Chicanas and Feminism
If somebody would have asked me when I was a teenager what it means to be Chicana, I would probably have listed the grievances done me. When my sister and I were fifteen and fourteen, respectively, and my brother a few years older, we were still waiting on him. I write "were" as if now, nearly two decades later, it were over. But that would be a lie. To this day in my mother's home, my brother and father are waited on, including by me. I do this out of respect for my mother and her wishes. In those early years, however, it was mainly in relation to my brother that I resented providing such service. For unlike my father, who sometimes worked as much as seventy hours a week to feed my face every day, the only thing that earned my brother my servitude was his maleness.
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What looks like betrayal between women on the basis of race originates, I believe, in sexism/heterosexism. Chicanas begin to turn our backs on each other either to gain male approval or to avoid being sexually stigmatized by them under the name of puta, vendida, jota. This phenomenon is as old as the day is long, and first learned in the school yard, long before it is played out with a vengeance within political communities.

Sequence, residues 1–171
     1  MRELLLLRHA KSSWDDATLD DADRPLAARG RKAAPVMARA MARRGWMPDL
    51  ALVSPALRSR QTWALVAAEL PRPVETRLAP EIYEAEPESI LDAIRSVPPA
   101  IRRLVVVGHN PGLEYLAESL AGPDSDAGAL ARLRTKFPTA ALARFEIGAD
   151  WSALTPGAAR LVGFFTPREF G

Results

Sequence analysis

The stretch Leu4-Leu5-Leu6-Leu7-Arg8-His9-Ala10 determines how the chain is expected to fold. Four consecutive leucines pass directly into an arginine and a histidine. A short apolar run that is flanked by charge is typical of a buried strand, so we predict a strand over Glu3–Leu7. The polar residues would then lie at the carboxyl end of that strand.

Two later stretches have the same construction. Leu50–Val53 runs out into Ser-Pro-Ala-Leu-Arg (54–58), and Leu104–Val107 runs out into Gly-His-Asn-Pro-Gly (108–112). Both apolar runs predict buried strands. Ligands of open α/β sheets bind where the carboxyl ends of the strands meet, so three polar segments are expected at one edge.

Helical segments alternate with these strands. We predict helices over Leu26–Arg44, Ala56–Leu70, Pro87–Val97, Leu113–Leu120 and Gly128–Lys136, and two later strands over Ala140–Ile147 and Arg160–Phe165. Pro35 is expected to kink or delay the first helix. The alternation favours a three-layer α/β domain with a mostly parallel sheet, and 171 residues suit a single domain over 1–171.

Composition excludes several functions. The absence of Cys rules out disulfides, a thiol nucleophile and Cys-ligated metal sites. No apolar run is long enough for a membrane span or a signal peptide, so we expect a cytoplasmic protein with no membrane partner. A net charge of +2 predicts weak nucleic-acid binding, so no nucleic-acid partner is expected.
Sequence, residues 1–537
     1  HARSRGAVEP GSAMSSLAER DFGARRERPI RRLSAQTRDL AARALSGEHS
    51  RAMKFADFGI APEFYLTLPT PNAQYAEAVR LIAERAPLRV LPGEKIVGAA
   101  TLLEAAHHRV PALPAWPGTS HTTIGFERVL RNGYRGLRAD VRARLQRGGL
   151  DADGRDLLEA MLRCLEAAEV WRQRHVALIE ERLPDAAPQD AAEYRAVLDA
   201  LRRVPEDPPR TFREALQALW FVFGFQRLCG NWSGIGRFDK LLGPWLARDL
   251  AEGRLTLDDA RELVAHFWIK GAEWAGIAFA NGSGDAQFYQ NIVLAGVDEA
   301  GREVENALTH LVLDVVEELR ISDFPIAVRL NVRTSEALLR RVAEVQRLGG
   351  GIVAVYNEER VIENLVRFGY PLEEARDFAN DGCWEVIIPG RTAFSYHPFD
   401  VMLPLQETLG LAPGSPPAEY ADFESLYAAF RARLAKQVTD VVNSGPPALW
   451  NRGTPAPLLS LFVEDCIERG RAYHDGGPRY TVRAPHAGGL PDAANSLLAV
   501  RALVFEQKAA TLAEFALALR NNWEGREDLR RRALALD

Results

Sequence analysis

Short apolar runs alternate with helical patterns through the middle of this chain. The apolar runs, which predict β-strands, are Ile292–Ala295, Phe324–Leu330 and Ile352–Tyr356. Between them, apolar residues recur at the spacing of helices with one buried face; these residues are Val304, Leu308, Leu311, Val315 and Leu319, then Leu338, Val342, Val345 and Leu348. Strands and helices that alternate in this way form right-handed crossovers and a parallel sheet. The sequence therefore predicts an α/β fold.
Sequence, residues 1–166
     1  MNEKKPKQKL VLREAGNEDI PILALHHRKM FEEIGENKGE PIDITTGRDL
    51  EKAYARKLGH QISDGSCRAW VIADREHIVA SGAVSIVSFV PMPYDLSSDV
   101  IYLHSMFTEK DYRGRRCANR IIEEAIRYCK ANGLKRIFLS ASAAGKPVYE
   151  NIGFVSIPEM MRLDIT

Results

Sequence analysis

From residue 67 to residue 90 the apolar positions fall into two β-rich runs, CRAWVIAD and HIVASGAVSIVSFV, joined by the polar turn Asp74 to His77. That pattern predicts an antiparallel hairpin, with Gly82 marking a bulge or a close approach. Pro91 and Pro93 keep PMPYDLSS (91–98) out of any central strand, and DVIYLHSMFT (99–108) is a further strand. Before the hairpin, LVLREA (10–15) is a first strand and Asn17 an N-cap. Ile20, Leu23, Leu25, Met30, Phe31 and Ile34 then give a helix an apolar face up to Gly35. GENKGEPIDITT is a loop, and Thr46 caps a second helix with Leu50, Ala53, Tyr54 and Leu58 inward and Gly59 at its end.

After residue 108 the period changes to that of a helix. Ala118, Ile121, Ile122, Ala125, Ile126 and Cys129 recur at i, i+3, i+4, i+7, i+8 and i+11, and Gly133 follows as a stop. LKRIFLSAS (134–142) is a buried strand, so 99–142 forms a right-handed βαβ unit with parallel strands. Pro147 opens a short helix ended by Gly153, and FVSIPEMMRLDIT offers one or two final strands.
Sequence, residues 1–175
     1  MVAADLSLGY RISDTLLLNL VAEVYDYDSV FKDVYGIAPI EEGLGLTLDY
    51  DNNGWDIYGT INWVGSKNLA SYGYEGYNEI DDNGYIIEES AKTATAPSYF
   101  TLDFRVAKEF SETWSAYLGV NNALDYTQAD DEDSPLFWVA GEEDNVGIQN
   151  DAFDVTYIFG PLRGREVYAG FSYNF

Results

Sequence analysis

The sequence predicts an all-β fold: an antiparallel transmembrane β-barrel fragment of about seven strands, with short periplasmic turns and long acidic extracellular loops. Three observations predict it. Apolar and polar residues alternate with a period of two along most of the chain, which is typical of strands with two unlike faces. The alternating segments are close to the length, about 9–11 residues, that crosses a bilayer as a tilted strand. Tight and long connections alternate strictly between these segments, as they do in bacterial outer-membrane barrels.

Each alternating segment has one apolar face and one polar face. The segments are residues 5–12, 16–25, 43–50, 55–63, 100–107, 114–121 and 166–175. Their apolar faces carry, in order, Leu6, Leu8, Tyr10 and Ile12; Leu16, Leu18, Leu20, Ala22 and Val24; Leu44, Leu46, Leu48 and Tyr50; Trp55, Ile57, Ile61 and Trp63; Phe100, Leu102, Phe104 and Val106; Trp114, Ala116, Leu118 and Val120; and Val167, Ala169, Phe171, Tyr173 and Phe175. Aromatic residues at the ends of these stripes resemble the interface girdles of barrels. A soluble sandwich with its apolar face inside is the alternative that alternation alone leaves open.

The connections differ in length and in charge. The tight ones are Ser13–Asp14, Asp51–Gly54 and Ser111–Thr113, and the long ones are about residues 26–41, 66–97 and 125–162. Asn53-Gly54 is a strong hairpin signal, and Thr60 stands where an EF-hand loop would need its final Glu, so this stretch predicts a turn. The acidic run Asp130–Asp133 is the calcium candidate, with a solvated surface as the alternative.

In the seventh grade, I fell in love with Manuel Poblano. A small-boned boy. Hair always perfectly combed and oiled. Uniform shirt pressed neatly over shoulder blades, jutting out. At twelve, Manuel was growing in his identity—sexually, racially—and Patsy Juárez, my one-time fifth‐ grade friend, wanted him too. Manuel was pals with Leticia and Connie. I remember how they flaunted a school picture of his in front of my face, proving how they could get one from him, although I had asked first. The